Sixty of Andrew Martinez’s friends and family gathered around a makeshift memorial at the apartments located on the 3500 block of E. 20th Street in San Bernardino on May 1 to honor his life.
Just a day earlier, Martinez, 22, was shot and killed by unknown gunmen in broad daylight as he was standing outside. The young man, who suffered from autism, was at the wrong place at the wrong time, according to his friends.
“Those [expletive] are wrong for this,” a man known as ‘K-Rock’ exclaimed in an angry tone. “I told [Andrew] to stay in the back. We told him that it wasn’t because we thought less of him. We just wanted to protect him.”
It was another gun-related death in a neighborhood that is gaining a notorious reputation for gun violence. Last year, Jason Spears, 12, was gunned down as he and his cousin, Terrance, 15, were walking to the Circle K on Orange Street and Highland Avenue.
Members of Victory Outreach’s life group have walked the community, encouraging residents to join them in prayer. So far, it’s been a daunting task.
“Sometimes people are open, and sometimes they’re closed off,” explained Gabriel Villa, who is a minister with Victory Outreach. “If there’s no connection with the community, they won’t care. We’re trying to make that connection.”
Faith based leaders from both the Inland Congregations United for Change and Victory Outreach are convinced the solution to quelling gun violence is Operation Ceasefire–an initiative that works alongside law enforcement to reduce crime by using alternative methods. Those methods may include educational and employment programs, as well as providing social services to those at risk.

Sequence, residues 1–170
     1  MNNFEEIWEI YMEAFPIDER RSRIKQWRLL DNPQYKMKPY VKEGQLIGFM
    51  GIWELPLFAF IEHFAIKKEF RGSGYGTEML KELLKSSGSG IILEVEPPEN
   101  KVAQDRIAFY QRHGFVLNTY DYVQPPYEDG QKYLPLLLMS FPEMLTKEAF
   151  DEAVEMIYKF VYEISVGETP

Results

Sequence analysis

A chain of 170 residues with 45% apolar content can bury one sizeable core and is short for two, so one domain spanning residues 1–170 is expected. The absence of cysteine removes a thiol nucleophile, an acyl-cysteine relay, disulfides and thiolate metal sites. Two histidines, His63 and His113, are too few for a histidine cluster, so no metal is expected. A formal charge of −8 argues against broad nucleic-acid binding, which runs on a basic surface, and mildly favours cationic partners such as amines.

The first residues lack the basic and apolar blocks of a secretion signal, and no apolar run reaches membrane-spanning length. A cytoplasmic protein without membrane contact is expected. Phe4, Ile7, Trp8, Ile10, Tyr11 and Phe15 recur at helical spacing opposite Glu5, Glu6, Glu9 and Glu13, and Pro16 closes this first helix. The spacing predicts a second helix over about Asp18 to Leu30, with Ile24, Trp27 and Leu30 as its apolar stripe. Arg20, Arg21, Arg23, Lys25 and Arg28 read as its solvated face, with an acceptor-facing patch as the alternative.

Both groups have held rallies, marches, and prayer vigils for over two years to raise awareness about the gun violence plaguing San Bernardino’s streets.
“Together collectively as one body we will heal San Bernardino,” said Father Craig Johnson of Cathedral of Praise International Ministries during a recent Common Ground for Peace Walk on April 27. “To the drug houses to the gang banging houses, San Bernardino needs healing.”
Meanwhile, city officials are making incremental steps to implement the program. On Monday the City Council approved the job description for a community intervention program manager.
According to a prepared city report, the person who fills the position will be responsible for organizing and statistically analyzing crime intervention procedures. They will also be required to work closely with community groups, such as ICUC and Victory Outreach.
ICUC Organizer Sergio Luna said he expects city officials to follow up on the community’s expectations, which is to implement a more “holistic” plan that does not heavily rely on enforcement.
“The ball is in their court,” he said. “We’re asking them to share their vision and commitment with the residents.
Until then, faith based leaders say they will continue to walk the streets to shed light on the issue.
“The key is continuing the pressure,” Luna said.